According to Goldman Sachs, over the next thirty years, the world's population is expected to grow by 35%, yet there is expected to be only a 4% increase in available acreage.
Food supply will have to increase 70% by 2050 to keep pace with this increase in population according to the Food and Agriculture Organization.
Since most land suitable for farming is already in use, the solution is higher yields.
Over the past decades, crop yields increased dramatically; the United States' crop production now is twice what it was in 1970, but uses nearly half the labor and 16% less land than it did in 1970.
However, in the past few years, it has plateaued, a phenomenon known as "yield plateauing."
Source: Via Science
Precision agriculture has been mentioned as a solution to address this challenge. In the short run, precision agriculture can help farmers cut costs on inputs such as fertilizer, water and seeds.
In the long run, it could be the answer to the question of feeding a population that's increasing faster than the supply of available land, while ensuring a sustainable use of natural resources.
It has been noted that precision farming technologies may be necessary to meet the Sustainable Groundwater Management Act, passed last year in California.
Major food corporations such as Wal-Mart (NYSE:WMT), Kellogg (NYSE:K), General Mills (NYSE:GIS), and Cargill have encouraged the use of precision agriculture in an effort to tackle environmental and sustainability challenges in addition to cutting costs and wastage.
Global crop production value in 2015 was $1.2 trillion. However, over 40% of farm fields are over fertilized resulting in a yield loss of 15%-20% from inadequate fertilizer application. Yields could be increased by around 18% through the use of precision fertilizer technology. Precision planting could boost yields by 13% and a further 13% improvement could be achieved via a fleet of smaller automated tractors (instead of the large farm equipment used on American farms today which according to academic research cited by Goldman has caused a reduction in yields by 15% to 30% over the years as a result of soil compaction).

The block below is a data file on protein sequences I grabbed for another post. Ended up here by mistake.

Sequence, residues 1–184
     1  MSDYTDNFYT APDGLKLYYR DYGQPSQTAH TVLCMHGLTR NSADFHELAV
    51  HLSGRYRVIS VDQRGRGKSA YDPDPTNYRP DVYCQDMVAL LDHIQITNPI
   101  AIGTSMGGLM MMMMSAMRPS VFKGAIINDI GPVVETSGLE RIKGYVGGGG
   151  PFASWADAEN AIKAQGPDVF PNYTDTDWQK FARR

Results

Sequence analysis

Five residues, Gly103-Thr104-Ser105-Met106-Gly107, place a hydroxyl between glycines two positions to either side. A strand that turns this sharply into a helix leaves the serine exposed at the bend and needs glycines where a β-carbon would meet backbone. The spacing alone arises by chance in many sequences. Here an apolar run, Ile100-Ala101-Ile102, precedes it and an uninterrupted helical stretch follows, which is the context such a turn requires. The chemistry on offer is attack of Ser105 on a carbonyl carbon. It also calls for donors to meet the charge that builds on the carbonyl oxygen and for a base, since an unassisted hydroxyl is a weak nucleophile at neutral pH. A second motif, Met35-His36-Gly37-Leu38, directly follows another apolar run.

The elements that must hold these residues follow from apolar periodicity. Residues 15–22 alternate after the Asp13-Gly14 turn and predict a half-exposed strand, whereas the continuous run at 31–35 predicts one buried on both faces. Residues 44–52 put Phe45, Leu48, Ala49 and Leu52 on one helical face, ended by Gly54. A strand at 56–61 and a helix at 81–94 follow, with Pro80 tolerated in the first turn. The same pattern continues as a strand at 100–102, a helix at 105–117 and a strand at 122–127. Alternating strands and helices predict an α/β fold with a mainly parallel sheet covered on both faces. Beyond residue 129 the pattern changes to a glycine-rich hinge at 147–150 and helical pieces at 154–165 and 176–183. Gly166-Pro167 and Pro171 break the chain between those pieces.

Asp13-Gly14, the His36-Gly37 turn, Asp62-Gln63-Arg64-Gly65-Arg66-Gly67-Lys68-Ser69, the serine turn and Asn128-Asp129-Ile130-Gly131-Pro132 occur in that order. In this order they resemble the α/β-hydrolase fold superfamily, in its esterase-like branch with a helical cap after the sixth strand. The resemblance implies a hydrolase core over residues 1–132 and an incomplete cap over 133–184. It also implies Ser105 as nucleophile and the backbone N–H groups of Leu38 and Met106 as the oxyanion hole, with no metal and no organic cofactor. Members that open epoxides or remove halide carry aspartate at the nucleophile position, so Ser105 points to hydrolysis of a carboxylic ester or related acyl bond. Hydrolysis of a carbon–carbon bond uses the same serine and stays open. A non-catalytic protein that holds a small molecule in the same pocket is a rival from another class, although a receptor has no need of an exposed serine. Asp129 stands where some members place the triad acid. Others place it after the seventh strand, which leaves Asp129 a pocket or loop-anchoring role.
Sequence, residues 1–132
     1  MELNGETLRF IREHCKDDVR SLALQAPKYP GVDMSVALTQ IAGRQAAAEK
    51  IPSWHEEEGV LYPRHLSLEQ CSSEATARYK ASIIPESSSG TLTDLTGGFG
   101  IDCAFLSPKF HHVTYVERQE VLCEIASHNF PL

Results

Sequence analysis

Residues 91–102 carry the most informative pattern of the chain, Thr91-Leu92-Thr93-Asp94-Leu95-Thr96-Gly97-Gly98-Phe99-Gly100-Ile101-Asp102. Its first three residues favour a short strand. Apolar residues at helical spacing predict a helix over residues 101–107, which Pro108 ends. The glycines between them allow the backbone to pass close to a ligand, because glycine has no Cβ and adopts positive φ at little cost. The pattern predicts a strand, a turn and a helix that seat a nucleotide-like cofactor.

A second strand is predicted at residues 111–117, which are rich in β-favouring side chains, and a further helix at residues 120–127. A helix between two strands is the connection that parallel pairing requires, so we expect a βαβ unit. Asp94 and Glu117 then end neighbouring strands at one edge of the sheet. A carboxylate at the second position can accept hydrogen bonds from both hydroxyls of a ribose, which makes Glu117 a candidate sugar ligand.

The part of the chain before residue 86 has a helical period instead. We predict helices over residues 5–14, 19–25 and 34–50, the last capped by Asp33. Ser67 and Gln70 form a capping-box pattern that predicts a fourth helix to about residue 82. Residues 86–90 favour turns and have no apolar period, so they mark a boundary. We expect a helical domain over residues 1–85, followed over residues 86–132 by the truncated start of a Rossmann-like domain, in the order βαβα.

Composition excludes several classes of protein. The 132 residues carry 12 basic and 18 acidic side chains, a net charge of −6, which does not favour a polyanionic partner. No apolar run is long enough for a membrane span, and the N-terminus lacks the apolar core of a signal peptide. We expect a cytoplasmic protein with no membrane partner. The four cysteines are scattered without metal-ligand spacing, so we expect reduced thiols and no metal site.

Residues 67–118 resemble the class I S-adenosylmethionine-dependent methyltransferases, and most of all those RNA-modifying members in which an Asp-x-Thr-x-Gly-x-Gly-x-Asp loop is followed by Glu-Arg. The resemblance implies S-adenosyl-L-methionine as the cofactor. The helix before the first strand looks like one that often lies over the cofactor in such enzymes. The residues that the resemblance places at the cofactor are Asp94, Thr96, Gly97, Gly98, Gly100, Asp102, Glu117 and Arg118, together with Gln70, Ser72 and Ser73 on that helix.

It is estimated that farmers could reduce wastewater by 50% with precision irrigation systems paired with water sensors leading to a 10% yield improvement.
Precision agricultural technologies are not new - such technologies have been available since the 1990s. However, adoption in some cases has been slow. Although the U.S. is the world leader in precision agriculture, the U.S. Department of Agriculture reported that the technology is applied on less than 20% of corn fields.
Some reasons for the low adoption rates are a lack of awareness, inadequate computer literacy skills and gaps in broadband connectivity.
Source: U.S. News
However, there's a generation waiting in the wings, and as this younger and tech-savvy generation of farmers enter the industry, this demographic shift is likely to boost precision agriculture technology adoption rates in the future.
Broadband connectivity is another hindrance to widespread precision ag technology adoption.
The Federal Communications Commission (FCC) updated the definition of broadband in 2015, which is illustrated in the image below:
Source: Mark and Griffin
Under the new FCC definition, the majority of the areas where over 75% of the population has access to broadband connection are located in or near major cities and not near agricultural areas.
Source: Mark and Griffin
This explains why nearly 33% of American farmers lack internet access and only 40% use the internet at all for agricultural businesses. Recently, some steps have been taken to address this situation.
For instance, the Precision Farming Act of 2016 aims to offer farmers greater access to high-speed internet. The bill would offer broadband providers a one-time $15,000 reimbursement for each line installed for a qualifying precision farming operation.